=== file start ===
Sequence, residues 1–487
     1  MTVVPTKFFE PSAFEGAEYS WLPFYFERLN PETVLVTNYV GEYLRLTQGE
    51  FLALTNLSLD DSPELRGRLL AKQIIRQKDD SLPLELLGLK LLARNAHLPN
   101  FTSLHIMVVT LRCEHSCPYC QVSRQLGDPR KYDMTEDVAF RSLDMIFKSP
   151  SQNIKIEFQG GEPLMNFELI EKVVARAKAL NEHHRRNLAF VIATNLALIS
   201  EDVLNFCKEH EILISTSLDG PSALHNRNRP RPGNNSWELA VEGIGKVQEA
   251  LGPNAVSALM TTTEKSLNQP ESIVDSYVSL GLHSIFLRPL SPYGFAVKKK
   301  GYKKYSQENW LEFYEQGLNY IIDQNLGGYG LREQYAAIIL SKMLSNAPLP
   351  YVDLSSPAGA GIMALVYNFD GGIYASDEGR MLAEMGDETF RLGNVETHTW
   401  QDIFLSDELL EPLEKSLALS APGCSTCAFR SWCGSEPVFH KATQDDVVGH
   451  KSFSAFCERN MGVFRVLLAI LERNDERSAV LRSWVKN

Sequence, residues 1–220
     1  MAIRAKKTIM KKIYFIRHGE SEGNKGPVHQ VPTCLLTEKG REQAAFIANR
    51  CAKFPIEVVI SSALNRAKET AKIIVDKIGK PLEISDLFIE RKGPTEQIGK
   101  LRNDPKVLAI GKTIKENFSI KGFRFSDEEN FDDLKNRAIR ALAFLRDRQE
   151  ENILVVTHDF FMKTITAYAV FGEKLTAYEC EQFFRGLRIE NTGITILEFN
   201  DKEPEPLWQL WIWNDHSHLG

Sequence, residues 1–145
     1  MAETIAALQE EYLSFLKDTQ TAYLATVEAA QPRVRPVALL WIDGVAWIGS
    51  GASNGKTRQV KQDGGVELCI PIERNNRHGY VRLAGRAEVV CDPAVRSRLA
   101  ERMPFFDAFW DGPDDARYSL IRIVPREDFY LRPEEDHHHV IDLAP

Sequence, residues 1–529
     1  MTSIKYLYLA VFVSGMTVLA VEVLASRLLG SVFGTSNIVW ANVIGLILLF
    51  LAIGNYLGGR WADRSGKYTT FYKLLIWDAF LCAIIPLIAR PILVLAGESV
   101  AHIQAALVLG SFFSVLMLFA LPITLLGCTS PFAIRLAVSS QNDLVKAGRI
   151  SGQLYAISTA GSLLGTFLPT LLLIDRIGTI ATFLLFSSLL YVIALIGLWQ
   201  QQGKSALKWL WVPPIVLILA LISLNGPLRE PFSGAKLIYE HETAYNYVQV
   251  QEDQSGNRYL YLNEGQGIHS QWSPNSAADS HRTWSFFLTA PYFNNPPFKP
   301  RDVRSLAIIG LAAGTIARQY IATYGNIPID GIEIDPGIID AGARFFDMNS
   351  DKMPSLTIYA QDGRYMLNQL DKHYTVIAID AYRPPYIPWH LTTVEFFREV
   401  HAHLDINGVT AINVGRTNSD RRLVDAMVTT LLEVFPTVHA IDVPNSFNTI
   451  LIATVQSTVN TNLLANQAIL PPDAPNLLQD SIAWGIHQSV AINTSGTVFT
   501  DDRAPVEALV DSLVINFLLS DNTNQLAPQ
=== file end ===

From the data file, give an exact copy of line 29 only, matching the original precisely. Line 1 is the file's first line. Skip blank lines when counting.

   301  RDVRSLAIIG LAAGTIARQY IATYGNIPID GIEIDPGIID AGARFFDMNS